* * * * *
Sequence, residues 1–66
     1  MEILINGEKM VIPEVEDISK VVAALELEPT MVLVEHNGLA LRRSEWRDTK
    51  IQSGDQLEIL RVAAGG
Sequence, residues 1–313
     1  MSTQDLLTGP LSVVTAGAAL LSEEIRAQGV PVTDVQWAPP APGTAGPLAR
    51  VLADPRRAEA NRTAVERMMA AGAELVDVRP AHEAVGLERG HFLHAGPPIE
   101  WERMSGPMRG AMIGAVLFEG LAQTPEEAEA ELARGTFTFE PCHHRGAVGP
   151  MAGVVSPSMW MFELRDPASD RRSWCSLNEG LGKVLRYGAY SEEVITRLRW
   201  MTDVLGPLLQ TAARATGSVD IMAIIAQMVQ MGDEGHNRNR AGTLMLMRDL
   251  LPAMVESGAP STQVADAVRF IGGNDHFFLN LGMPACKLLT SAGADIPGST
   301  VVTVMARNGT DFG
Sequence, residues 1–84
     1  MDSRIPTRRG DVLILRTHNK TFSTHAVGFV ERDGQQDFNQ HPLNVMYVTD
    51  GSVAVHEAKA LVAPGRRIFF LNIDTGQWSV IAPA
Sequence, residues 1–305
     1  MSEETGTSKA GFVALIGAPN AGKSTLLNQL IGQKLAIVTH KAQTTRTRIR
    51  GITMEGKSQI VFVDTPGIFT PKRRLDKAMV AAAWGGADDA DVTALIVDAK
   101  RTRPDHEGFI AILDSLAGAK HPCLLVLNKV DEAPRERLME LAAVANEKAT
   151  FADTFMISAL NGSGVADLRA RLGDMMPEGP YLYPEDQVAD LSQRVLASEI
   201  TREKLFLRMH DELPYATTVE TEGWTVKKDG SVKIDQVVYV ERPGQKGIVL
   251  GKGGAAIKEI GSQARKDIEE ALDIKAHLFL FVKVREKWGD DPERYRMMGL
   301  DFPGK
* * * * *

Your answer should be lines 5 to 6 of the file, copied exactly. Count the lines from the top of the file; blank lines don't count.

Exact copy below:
     1  MSTQDLLTGP LSVVTAGAAL LSEEIRAQGV PVTDVQWAPP APGTAGPLAR
    51  VLADPRRAEA NRTAVERMMA AGAELVDVRP AHEAVGLERG HFLHAGPPIE